Back in 2004 John Reid went against the grain by warning the anti-smoking lobby that they ran the risk of “patronising” the working class.
His comments still echo into 2016 and through the announcement of a total ban on smoking in hospital grounds in Northern Ireland.
First things first, though: the ban isn’t about “smokers outside the hospital doors” and nor is the issue at hand, as this would be solved by a simple smoking shelter policed with the zeal (and funds) officials have now found to pester smokers at their lowest ebb. It isn’t about whether people should be smokers. And it isn’t about helping people to stop smoking either, as telling a concerned relative or sick patient to stop smoking right this second without the element of choice and the willpower to quit is hardly an ideal technique.
Instead, have a listen again to the vox pop on Nolan Live (see 42min 50secs) to see if you spot something interesting? In short; those for and against the total ban – neatly smoke-screened inside the emotive issue of those hospital door smokers – are broadly divided on the issue into two groups depending on the person’s accent. If you don’t want to watch the clip, you can probably guess the rest.
While I very much dislike attempting to stereotype strangers based on their accent, there’s something pretty distinct going on the vox pop in that the more ‘posh’ voices (who are statistically less likely to be smokers) were generally in favour of a ban.
A commentator on the show, Andrea McVeigh, felt that the smokers should either do without or accept the help offered to give up on the spot.
And therein lies the problem. A complete ban, including on those smoking in their own car, is essentially telling those with a genuine addiction visiting a sick or dying relative (and the medical staff trying to save that person’s life) that, in the case of the former they should stop smoking that second or go elsewhere at what could be one of the lowest ebbs in their life.
I wouldn’t have liked to have seen someone say that to my very elderly, former POW, grandfather when he was alive. A former professional barman, his family and “a wee smoke” were his favourite things in life. And in later his years and condition he would have been distressed and confused by being told to ‘just go without’ or wear a patch.
Statistics from England in 2014 show that unemployed people were twice as likely to smoke and that those in “manual” or “routine” jobs were over twice as likely to smoke as “managerial” and “professional” respondents.
And social policy academic Professor Paul Stickler has written that “figures from the UK show that people in lower social classes, including children, are more likely to suffer from infective and parasitic diseases, pneumonia, poisonings or violence” while “adults in lower social classes are more likely, in addition, to suffer from cancer, heart disease and respiratory disease”.
Meaning that those most likely to be most affected by the total ban could also be more likely to find themselves in hospital sooner. And for the worst possible reasons, at the worst possible time.
Full disclosure: there is something I find concerning about the health promotion lobby in that, among some excellent and valuable work, surely their support for one ban or another is limitless in nature as campaign after campaign must continue to be staged to keep the salaries – paid for by taxes and charity donations – flowing?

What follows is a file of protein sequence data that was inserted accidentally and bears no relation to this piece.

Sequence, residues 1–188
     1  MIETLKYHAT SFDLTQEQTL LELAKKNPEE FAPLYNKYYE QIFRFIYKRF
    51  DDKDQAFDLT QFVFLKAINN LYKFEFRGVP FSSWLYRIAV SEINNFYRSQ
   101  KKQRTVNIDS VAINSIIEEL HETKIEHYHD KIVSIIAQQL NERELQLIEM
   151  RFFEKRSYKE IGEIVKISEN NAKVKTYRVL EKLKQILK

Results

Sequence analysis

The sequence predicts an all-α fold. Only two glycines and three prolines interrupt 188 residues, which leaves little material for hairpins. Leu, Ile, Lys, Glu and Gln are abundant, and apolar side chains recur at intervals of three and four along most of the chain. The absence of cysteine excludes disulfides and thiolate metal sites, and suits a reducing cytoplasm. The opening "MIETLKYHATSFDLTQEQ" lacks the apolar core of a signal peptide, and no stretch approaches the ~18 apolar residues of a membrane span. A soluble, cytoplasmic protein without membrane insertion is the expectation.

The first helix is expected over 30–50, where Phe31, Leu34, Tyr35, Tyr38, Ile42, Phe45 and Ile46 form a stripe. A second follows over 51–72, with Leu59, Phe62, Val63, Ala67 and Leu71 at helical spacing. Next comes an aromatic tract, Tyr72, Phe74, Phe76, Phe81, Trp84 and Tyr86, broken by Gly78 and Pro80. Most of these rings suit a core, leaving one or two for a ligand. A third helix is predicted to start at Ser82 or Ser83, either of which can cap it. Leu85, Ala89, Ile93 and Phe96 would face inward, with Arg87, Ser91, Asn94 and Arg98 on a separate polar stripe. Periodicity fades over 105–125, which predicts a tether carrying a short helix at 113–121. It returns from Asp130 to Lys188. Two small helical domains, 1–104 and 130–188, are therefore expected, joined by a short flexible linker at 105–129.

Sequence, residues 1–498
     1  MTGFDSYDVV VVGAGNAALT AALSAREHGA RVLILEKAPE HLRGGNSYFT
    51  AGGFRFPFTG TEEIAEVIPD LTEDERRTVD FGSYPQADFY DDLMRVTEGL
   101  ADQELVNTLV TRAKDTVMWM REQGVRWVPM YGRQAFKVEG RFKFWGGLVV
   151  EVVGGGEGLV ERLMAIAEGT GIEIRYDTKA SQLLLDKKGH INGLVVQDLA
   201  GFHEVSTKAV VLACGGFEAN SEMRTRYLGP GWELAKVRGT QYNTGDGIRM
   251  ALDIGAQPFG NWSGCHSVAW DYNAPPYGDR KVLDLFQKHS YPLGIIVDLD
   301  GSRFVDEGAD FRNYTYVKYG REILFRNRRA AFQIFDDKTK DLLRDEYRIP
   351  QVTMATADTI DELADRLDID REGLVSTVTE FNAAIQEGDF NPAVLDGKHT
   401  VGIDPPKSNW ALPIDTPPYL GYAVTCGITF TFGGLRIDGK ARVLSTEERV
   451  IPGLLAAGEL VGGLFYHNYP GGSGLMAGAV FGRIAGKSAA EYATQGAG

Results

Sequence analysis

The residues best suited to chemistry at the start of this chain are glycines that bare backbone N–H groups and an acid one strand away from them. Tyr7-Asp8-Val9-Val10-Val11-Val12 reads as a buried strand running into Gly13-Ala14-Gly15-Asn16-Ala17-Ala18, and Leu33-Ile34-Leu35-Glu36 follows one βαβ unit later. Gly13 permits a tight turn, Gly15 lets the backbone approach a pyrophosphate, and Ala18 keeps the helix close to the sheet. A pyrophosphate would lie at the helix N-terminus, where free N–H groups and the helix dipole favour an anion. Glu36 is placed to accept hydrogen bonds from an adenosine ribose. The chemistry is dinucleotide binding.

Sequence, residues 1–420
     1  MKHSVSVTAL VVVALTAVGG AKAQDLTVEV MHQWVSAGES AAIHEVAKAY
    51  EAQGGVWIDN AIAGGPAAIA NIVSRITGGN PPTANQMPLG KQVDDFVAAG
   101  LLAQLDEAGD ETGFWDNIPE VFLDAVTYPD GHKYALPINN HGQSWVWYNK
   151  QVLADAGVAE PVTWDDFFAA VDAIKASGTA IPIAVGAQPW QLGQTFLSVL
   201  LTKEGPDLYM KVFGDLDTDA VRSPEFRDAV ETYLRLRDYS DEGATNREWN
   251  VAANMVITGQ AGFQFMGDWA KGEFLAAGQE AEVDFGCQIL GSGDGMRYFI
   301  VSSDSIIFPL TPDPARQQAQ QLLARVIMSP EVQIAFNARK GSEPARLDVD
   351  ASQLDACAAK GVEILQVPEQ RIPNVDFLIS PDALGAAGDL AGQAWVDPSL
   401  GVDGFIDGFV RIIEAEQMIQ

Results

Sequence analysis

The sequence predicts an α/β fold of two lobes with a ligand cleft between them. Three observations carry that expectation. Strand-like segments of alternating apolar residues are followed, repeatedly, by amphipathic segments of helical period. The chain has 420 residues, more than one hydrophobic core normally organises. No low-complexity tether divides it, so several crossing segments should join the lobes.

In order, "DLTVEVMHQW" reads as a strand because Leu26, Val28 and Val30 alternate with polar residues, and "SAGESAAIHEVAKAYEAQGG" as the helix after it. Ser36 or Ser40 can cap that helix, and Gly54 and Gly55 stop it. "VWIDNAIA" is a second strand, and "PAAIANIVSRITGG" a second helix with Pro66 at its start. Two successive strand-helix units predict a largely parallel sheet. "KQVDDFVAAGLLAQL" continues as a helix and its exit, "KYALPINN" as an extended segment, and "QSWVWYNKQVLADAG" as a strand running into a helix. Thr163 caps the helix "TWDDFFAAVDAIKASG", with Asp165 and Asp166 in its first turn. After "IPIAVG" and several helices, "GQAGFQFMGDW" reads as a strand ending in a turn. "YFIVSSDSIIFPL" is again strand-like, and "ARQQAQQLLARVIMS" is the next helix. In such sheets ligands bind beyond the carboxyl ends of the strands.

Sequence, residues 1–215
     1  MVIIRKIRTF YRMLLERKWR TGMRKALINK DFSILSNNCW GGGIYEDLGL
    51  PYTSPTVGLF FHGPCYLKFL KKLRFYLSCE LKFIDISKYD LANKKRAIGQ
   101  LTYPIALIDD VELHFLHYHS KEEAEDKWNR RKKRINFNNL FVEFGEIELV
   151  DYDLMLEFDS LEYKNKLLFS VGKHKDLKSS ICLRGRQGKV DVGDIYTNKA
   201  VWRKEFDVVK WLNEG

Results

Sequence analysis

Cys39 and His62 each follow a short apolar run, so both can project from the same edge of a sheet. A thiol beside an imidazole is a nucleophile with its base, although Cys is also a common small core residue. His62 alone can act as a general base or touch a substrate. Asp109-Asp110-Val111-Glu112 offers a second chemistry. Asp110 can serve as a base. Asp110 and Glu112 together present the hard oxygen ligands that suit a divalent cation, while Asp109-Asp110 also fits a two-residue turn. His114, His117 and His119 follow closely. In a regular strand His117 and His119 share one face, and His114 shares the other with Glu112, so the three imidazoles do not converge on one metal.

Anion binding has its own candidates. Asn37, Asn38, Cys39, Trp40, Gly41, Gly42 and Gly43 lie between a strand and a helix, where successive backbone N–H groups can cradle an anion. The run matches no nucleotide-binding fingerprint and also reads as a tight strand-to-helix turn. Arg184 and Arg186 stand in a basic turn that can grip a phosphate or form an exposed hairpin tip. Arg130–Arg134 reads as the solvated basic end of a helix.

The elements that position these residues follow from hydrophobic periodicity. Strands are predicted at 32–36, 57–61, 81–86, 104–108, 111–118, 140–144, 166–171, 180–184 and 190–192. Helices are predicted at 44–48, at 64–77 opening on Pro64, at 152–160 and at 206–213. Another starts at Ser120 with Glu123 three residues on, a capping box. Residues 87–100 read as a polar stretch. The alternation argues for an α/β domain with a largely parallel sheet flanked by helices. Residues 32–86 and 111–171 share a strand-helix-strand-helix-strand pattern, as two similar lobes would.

For example: I remember watching the Press Association (Northern Ireland) website in the days around the announcement that smoking would be banned in bars here. The debate moved on to binge drinking in less than 24 hours.
Back to the ban then and, while one South Eastern Trust patient is legally challenging the consultation behind the ban, I’m certain the surveys used by hospitals will be checked to ensure it was made clear that smoking in a person’s own car would be included as opposed to making the issue about smoking at hospital doors.
Notes from a Royal College of Nursing debate raised concerns about “policing the behaviour of our patients” and asked what this would do to the therapeutic relationship. A concerned hospital worker quoted in the Andersonstown News points out that one smoking warden is employed at the Royal Victoria Hospital. In the article the Belfast Trust responds that the warden is being paid for by the Public Health Agency and that “all staff” are expected to do their part to assist in enforcing the ban.
The hospital employee also explained that “there are leaflets everywhere” (i.e., more funding found in austere times) and wondered “what if a loved one has died?”.
Conscious that no one is on hospital grounds for any fun reason or likely to be in a mood to make an instant decision on their health choices, I’m mindful that those smokers (and non-smokers who support them) are – to use Nolan Live as an example – represented against officialdom and their backers by the likes of a drafted-in Anthony Worrall Thompson, if by anyone at all.
Who, then, represents those concerned in Northern Ireland when the quangos, charities and civil servants get fired-up and go too far? Although all that tax revenue might cause a few raised eyebrows in other government departments if they really did become far too effective.
Ultimately, there’s a difference between a helping hand held outwards and a wagging finger pointed downwards. And there’s a time and a place for strong-arm tactics and lecturing.
Among the sick and grieving is no place for either.
Conor Johnston – @CJohnstonNI – writes about subjects including culture (especially film/ cinemas), identity and media. He also blogs at www.freerangewords.net